lieutenant-colonel, and lieutenant-general. On the 11th of De- 
cember, 1756, he was appointed master of the jewel-office, which 
he resigned in December, 17^2, when he was appointed captain- 
general and commander-in-chief of the island of Minorca. April 
19th, 1766, having resigned the government of Minorca, he was 
appointed governor of the island of Guernsey, &c. In the par- 
liament summoned to meet on the 13th of August, \7'^7i ^^ was 
elected member for Biackley ; and in the next parliament sat for 
Poole, in the county of Dorset. On the 27th of December, 1753, 
he was installed Knight of the Bath, and died October 1st, 1770, 
without issue. He married Rachael, daughter of Wriothesley, 
second Duke of Bedford, and widow of Scroop, first Duke of 
Bridgewater. Her Grace died at her house in Piccadilly, May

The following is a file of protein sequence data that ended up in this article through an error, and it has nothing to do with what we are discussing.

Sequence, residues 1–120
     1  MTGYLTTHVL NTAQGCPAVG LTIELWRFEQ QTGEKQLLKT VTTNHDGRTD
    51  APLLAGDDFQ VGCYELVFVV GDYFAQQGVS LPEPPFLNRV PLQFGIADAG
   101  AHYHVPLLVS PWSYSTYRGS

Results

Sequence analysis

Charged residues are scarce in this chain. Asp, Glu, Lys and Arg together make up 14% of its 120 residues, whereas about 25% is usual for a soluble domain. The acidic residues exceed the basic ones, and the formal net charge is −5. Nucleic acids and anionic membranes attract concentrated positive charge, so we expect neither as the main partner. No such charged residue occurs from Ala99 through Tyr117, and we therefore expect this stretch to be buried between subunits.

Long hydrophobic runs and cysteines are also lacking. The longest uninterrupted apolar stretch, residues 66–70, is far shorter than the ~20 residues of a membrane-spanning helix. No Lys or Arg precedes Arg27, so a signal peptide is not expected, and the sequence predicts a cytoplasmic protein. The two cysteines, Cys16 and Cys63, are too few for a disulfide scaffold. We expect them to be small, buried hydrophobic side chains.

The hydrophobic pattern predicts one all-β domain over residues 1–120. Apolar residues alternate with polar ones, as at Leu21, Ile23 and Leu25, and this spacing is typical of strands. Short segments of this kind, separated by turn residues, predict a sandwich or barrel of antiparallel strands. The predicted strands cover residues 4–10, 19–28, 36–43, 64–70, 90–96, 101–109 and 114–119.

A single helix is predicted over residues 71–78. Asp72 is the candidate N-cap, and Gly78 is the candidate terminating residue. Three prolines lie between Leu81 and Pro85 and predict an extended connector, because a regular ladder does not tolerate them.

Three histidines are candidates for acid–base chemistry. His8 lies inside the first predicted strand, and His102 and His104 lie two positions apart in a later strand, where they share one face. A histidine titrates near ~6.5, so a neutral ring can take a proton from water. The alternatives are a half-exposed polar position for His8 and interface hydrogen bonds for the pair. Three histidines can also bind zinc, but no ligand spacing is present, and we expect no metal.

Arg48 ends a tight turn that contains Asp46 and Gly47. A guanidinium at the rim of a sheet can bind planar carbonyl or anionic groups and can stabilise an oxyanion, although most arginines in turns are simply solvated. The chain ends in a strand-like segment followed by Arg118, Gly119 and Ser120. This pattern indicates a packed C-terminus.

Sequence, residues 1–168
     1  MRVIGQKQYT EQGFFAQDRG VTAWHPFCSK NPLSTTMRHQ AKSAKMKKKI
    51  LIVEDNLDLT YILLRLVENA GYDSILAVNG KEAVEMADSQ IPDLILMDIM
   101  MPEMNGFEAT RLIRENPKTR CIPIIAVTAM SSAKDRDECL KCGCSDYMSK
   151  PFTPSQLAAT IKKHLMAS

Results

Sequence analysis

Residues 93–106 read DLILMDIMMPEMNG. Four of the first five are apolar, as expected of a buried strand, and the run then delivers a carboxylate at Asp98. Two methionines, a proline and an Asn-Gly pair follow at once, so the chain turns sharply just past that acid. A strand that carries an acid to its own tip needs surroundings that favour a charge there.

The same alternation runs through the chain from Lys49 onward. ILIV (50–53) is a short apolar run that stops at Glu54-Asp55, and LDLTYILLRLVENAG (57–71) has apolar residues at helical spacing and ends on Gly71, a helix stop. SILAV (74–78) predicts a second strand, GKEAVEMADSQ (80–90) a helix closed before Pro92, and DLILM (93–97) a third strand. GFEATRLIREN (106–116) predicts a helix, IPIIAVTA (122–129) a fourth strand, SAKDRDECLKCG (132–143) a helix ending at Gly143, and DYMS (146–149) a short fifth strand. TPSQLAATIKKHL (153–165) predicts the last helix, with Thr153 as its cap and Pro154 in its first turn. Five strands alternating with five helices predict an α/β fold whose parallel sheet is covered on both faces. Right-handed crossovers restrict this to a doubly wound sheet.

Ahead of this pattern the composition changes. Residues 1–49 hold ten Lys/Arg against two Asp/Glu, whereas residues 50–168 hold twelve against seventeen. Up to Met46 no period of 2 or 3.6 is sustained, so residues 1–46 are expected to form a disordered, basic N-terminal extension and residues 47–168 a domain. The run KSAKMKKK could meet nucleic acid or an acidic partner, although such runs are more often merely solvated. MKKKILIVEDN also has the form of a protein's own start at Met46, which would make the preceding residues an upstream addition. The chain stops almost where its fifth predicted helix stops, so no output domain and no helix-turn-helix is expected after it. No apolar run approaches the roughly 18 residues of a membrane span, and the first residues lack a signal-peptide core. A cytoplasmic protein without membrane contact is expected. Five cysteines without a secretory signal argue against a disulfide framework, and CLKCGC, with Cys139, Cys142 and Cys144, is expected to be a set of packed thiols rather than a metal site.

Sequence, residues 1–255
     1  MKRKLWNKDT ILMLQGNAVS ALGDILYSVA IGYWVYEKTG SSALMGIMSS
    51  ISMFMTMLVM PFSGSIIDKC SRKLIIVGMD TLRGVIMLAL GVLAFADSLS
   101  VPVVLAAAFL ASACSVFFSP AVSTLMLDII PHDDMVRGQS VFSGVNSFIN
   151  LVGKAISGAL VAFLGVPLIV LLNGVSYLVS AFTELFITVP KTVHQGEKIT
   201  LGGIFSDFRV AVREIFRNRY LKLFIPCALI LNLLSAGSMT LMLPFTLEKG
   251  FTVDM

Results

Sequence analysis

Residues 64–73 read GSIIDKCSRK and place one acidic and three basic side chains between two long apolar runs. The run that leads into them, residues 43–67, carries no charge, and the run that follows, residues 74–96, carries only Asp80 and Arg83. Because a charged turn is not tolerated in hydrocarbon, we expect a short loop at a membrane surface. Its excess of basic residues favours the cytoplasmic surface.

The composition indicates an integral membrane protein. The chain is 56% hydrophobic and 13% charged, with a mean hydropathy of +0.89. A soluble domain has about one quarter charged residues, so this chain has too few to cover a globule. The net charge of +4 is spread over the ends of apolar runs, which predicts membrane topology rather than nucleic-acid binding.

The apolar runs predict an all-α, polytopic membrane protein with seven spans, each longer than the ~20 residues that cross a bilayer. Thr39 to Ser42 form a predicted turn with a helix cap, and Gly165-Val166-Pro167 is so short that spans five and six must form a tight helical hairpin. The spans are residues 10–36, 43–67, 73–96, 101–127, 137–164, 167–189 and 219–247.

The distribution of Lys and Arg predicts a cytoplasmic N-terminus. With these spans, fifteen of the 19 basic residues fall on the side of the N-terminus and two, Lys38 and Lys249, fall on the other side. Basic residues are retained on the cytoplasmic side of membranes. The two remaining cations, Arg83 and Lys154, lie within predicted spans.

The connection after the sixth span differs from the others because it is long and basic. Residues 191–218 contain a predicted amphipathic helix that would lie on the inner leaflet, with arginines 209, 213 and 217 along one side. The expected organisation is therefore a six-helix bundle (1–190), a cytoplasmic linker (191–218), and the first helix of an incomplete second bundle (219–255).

22d, \777. 

Sixth, William Henry, third Lord Lytttlton. 

Of the daughters. Christian, the eldest, wa'- married to Tho- 
mas Pitt, of Boconnock in Cornwall, Esq. She died at Hagley, 
June the 5th, 1750, and was there buried. She was mother of 
the first Lord Camelford. 

Mary, Penelope, and Amelia, all died unmarried. 

Anne, the wife of the late Francis Ay.scoiigh, D. D. clerk of 
the closet to the late Prince of Wales, and first preceptor to his 
present Majesty, and the late Duke of York, and afterwards dean 


of Bristol. She ^ died at her house in Lisle-street, Leicester- 
square, on March 30th, I776, aged sixty-four. She was mother 
of Captain Ayscough, and Lady Cockburn. 

Hester, the youngest, married, in 17^3, to John Fitzmaurice, 
Esq. of Springfield, in the county of Limerick, in Ireland. 

Sir Thomas died at Hagley, the 14th of September, 1/51, 
aged sixty-six years, and was interred by the remains of his wife 
(who died the 10th of April, 1748, aged fifty-nine years) in the 
vault at Hagley, to whose memories an elegant monument is 
erected in the chance], with the following inscriptions : 

To the Memory of Sir Thomas Lyttelton, Bart. 

Whose sound judgment, inflexible integrity and universal candour,